They’re talkin’ trash in Bloomington.
Passions are running high as Minnesota’s fourth-largest city considers turning its garbage collection over to a single hauler. Currently, seven trash haulers are licensed by the city. With different trucks for trash, recycling and other waste, residents report as many as 27 garbage trucks coming down their streets on the weekly pickup day.
The city’s proposal would turn over trash pickup to a consortium of the current seven haulers, splitting the pie based on the market share each one has now. By going to a single hauler, Bloomington hopes to reduce noise, cut down on emissions, improve safety and minimize wear on its roads. The city also says that its plan will be cheaper for the average household.
But try telling that to residents who have voiced strong objections in letters, phone calls and e-mails. At a City Council meeting last week, council members were given a packet with more than 300 citizen comments about garbage. By nearly 2-1, they trashed the single-hauler plan, often vehemently.
“Another government power grab in order to dictate behavior!” wrote Ed Hafemann. “Middle class and fed up with GOVERNMENT taking away my money and taking away my CHOICE to choose the best economic choice for me!!!!!!!” wrote Jeanne Benick.
Those in favor most often cited the need to cut down on the number of trucks in the neighborhoods.
“Every Thursday morning my normally serene suburban home life is shattered by a steady caravan of heavy trucks,” wrote John Zimmerman. “Air brakes squeal, backup alarms chirp, and I lose track after the tenth truck has rolled through.”
The city still is negotiating with the seven haulers, but the most recent proposal would cost the average household $18.42 a month for trash and recycling pickup, said Public Works Director Karl Keel. Currently, Bloomington’s 26,000 households pay an average of $26.72 a month. Keel estimated that city residents would save about $13 million over a five-year hauling contract.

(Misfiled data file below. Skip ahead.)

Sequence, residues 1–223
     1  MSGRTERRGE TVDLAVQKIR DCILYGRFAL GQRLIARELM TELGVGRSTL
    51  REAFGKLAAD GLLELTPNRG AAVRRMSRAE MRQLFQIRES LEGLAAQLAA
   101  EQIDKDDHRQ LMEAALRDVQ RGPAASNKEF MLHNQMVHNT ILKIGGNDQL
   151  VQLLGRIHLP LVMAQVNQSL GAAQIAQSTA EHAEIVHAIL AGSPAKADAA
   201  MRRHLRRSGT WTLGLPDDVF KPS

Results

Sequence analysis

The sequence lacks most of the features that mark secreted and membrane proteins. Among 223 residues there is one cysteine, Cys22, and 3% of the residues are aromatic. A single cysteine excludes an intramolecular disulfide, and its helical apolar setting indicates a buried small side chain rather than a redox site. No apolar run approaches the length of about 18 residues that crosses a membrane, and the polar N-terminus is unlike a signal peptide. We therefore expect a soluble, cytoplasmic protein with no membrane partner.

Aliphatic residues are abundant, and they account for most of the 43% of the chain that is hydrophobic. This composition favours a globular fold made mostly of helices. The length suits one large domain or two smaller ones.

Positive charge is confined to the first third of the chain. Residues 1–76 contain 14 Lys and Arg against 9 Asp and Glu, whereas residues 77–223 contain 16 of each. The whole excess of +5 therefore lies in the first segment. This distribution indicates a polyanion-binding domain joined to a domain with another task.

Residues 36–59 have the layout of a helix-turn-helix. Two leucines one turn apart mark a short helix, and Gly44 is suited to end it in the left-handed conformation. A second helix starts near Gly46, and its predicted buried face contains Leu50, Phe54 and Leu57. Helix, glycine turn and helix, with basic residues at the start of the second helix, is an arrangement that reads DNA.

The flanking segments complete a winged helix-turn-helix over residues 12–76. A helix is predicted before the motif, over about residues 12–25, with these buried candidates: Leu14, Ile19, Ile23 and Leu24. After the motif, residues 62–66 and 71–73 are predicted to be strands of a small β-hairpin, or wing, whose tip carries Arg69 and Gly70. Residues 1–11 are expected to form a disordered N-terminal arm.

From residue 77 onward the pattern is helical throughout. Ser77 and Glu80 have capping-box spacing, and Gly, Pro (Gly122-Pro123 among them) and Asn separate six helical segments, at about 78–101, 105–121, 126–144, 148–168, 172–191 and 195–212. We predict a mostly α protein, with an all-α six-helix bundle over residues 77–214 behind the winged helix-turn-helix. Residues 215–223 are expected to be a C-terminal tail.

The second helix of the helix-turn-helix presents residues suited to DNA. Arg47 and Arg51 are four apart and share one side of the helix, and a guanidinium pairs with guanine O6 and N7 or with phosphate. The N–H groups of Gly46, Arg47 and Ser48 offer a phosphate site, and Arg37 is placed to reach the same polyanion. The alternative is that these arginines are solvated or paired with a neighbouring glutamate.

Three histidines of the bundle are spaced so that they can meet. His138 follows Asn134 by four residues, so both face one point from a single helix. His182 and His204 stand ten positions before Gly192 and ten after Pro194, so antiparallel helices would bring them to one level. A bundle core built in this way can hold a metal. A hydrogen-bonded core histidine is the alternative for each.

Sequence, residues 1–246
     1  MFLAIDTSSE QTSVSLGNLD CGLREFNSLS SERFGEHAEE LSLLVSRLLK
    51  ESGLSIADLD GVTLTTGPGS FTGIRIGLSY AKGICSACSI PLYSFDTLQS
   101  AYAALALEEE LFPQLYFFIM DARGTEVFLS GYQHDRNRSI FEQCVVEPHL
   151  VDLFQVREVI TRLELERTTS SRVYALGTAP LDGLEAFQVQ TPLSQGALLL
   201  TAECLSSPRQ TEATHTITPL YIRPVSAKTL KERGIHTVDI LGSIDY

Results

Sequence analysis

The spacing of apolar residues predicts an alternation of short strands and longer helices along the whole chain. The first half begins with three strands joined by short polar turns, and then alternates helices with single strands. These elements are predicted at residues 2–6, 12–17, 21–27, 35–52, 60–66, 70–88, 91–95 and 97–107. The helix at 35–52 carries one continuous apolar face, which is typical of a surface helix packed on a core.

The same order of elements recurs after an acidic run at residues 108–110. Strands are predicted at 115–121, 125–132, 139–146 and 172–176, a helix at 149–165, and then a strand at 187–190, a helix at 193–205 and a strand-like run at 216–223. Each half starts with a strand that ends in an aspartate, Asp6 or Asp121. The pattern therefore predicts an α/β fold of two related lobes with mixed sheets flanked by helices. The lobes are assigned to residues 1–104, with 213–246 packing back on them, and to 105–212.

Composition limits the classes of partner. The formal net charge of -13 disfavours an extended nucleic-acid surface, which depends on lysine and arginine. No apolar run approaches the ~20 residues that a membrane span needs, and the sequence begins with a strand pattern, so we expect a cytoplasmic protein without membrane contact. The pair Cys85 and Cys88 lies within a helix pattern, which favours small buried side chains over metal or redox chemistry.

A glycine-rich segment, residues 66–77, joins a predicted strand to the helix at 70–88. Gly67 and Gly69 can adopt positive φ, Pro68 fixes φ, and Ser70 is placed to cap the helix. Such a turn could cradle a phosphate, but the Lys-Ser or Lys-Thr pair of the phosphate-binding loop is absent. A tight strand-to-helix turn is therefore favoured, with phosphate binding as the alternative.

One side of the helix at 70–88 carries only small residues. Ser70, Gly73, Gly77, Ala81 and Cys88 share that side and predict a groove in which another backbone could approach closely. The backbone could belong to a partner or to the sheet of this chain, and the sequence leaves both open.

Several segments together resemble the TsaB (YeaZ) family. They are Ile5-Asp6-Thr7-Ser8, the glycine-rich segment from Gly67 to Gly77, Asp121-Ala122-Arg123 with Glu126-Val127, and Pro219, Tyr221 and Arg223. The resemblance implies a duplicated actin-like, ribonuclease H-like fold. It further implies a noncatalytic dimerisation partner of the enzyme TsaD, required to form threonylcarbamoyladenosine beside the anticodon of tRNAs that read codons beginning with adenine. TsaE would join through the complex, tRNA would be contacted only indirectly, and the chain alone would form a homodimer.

Many residents have pointed out that by negotiating with different haulers, they’ve been able to get extremely low rates. Council Member Tim Busse was skeptical of some claims.
“I’d like to meet the residents who are getting their trash [picked up] for 10 bucks a month,” Busse said. “I want to take you with me the next time I buy a car. That’s some pretty good negotiating.”
In the end, the council voted 6-1 to continue negotiating the single-hauler deal, with only Cynthia Bemis Abrams opposing. A public hearing will be held before a final decision is made.
Immediately after the vote, city resident Ray Hudson jumped up and accosted the council.
“You, in your immense brilliancy, have just chosen to take my choice away,” he said heatedly.
“We’re moving in that direction,” replied Mayor Gene Winstead.